Because of conditions encountered during filling and storage of containers, it is preferred that layer of polymeric film 14 have a high melting temperature, good gas impermeability, and good chemical resistance. Preferably the thickness of film layer 14 ranges from about 0.2 mil to about 5 mil. The preferred materials for film layer 14 include crystalline and semi-crystalline polyesters, polyester coated with saran, silicones, polytetrafluoroethylenes, and polyimides. The term "saran" means polymers with high vinylidene chloride content. The polymeric film is preferably heat resistant, in order to withstand the heat of the filling operation, particularly under conditions of high pressure. Layer of polymeric film 14 is preferably comprised of polymeric material having a melting point of 130° C. or higher, in order that it not soften or melt during the container filling operation, which is likely to be conducted at high temperatures. The polymeric material typically has an oxygen transmission rate as low as 5 cc/100 sq.in./day. The maximum oxygen transmission rate of the polymeric film should not exceed 15 cc/100 sq.in./day when used for food products. If the polymeric film is used for products that are not sensitive to oxygen, the oxygen transmission rate can be much higher, e.g. not in excess of 60 cc/100 sq.in./day. It is also preferred that film layer 14 be capable of resisting oils and chemicals typically used in food, cosmetic, and pharmaceutical applications. The polymeric material is preferably capable of resisting attack by chemicals such as hydrocarbon solvents, e.g. heptane, toluene, acetone, alcohol, acetic acid, for at least five weeks at a temperature of 100° F. Commercially available polymers that are suitable for the layer of polymeric film include "Scotchpak 96" and "Scotchpak 125", both of which are made of polyethylene terephthalate bearing a layer of heat sealable adhesive or heat sealable film and are available from Minnesota Mining and Manufacturing Company.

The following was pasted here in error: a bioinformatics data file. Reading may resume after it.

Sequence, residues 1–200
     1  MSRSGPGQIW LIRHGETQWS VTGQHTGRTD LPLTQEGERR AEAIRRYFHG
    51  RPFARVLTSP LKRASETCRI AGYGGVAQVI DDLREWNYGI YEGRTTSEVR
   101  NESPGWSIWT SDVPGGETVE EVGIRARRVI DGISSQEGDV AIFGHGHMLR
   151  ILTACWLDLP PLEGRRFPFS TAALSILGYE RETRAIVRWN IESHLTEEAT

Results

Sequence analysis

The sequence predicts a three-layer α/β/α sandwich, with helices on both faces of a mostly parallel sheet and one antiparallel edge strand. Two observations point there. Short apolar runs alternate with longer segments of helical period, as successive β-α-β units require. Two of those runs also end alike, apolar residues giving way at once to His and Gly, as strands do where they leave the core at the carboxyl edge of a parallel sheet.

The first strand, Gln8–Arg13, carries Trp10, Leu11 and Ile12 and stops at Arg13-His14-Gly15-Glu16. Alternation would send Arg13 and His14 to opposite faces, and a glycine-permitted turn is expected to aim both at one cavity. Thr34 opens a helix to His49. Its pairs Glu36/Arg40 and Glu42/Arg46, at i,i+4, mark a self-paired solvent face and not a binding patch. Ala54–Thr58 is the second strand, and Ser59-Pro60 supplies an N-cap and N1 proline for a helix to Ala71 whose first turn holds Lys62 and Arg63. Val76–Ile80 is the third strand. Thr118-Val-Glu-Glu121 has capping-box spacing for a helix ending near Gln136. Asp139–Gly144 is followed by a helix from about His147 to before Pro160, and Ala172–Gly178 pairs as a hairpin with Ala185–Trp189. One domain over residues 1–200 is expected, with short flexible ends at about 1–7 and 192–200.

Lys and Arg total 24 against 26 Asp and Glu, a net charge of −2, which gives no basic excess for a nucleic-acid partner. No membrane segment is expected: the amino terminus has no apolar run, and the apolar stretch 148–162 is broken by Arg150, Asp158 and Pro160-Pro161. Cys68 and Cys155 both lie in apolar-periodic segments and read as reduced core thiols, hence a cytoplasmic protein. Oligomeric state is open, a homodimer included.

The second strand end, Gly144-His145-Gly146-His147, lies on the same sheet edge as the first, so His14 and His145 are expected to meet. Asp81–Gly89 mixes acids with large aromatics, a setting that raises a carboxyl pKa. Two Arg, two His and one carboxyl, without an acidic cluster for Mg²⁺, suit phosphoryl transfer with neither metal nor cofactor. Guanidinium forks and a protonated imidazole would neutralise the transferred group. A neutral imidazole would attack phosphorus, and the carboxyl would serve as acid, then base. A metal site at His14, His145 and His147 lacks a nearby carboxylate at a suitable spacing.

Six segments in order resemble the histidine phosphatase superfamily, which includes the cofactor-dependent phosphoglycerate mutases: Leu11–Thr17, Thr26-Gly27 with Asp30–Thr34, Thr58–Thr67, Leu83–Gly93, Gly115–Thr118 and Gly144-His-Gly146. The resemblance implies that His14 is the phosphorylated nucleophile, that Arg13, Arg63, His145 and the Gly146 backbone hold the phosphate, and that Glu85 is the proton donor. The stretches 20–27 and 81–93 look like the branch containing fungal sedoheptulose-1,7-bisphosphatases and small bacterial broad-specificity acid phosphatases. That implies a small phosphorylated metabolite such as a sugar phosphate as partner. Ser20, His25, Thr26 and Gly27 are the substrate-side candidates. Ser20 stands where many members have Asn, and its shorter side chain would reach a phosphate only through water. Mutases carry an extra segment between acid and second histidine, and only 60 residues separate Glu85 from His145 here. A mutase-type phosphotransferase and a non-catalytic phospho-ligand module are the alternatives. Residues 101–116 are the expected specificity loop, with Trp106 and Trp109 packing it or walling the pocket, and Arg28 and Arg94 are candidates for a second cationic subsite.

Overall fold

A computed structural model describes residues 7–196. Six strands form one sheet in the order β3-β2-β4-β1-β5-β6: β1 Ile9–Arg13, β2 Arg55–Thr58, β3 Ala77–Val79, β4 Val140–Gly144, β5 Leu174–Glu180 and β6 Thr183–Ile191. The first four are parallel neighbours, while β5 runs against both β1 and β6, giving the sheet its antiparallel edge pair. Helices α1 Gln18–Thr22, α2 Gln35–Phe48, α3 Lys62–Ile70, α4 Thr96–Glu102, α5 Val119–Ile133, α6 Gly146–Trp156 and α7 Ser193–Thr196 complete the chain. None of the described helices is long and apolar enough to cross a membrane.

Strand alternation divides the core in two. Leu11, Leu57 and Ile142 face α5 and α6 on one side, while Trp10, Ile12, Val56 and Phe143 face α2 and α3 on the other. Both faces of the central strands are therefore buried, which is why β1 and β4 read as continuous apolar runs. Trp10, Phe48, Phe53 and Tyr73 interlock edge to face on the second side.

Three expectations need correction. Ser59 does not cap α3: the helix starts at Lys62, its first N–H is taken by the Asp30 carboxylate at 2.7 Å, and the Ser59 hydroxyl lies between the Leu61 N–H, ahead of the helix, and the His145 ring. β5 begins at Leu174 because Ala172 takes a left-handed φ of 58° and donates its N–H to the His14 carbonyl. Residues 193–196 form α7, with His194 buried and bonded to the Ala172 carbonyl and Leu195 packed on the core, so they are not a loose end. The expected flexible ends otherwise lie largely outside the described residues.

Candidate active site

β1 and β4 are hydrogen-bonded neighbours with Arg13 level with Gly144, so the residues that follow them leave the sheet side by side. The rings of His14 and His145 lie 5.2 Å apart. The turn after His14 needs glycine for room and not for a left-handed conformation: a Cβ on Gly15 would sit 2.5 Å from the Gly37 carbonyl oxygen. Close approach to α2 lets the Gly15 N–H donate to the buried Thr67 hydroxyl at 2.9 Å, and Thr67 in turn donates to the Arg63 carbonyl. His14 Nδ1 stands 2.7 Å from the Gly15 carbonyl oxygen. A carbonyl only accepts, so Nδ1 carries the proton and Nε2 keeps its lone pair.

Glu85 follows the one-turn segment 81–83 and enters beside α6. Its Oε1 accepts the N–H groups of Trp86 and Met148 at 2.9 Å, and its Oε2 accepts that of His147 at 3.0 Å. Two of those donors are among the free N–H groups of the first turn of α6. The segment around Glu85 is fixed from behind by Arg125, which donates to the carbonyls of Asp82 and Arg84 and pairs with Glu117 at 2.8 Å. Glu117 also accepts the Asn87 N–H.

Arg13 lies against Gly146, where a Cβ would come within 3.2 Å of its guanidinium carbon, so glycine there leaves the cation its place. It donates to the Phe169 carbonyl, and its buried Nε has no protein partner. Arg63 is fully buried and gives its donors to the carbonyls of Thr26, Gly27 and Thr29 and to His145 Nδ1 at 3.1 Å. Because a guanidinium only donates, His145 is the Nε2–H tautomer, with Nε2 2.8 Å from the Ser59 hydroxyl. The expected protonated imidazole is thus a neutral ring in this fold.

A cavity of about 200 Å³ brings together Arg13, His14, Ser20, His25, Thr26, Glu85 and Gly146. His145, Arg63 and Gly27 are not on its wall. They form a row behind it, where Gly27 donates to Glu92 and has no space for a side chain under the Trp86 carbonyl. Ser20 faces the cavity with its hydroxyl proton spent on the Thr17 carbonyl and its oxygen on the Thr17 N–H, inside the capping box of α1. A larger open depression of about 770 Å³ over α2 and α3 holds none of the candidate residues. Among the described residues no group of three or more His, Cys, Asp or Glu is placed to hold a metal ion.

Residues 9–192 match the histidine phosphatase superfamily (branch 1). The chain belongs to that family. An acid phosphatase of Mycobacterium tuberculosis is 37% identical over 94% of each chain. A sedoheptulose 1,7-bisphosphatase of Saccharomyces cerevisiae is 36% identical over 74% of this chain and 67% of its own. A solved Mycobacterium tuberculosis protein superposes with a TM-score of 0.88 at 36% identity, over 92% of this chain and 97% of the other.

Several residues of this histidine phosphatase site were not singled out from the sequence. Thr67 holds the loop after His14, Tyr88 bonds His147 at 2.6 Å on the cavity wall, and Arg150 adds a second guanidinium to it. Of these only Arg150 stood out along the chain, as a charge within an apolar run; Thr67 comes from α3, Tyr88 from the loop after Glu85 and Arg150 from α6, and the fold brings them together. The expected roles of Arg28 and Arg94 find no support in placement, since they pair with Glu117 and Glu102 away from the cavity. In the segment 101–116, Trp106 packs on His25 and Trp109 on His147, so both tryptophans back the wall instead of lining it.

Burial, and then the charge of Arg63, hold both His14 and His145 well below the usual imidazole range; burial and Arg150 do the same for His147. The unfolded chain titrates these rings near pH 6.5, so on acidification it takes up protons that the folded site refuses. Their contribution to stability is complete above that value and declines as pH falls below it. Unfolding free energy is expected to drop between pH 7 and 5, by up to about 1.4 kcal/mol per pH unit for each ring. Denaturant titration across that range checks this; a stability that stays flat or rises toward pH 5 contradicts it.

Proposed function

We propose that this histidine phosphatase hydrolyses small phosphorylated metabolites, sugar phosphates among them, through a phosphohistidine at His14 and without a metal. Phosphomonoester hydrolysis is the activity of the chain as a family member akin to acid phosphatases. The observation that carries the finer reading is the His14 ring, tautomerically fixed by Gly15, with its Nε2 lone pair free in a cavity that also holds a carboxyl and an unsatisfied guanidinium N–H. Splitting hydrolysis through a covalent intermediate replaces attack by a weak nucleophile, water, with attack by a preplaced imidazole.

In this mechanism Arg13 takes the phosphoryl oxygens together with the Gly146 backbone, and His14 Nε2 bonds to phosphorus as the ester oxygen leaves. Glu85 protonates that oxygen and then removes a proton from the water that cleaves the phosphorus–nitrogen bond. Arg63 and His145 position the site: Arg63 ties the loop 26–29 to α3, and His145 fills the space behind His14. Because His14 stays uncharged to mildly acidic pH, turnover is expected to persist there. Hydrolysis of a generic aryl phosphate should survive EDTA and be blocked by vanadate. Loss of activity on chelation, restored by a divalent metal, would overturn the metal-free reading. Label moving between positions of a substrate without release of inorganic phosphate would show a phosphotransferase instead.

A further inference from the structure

Adhesives that are preferred for bonding foam 12 layer to film layer 14 include pressure-sensitive adhesives, natural rubber-based adhesives, synthetic rubber-based adhesives, acrylic polymer-based adhesives, and polyolefin-based adhesives, e.g. copolymers of ethylene and vinyl acetate, copolymers of ethylene and acrylic acid, copolymers of ethylene and ethyl acrylate, polyethylene, and polypropylene. Adhesives that are used in embodiments of this invention where polyester film and polyolefin foam are used will typically require radiation, e.g. ultraviolet radiation, electron-beam radiation, corona radiation, to form a strong permanent chemical bond between polyester film layer 14 and adhesive layer 16. Layer of polymeric foam 12 and layer of polymeric film 14 can be bonded together by means of heat, pressure, or a combination of heat and pressure. If a destructive bond is desired, adhesive layer 16 can be extruded on layer of polymeric film 14 and cured, e.g. by radiation, to form a chemical bond between film layer 14 and adhesive layer 16. The film/adhesive laminate can then be heat pressed onto foam layer 12 or foam layer 12 can be extruded onto the film/adhesive laminate.
Because there is a chemical bond between film layer 14 and adhesive layer 16 of the film/adhesive laminate, the adhesive bond between film layer 14 and adhesive layer 16 is stronger than the cohesive strength of foam layer 12. Upon peeling film layer 14 from foam layer 12, foam layer 12 will undergo cohesive failure, and the bond holding the liner together will be destroyed.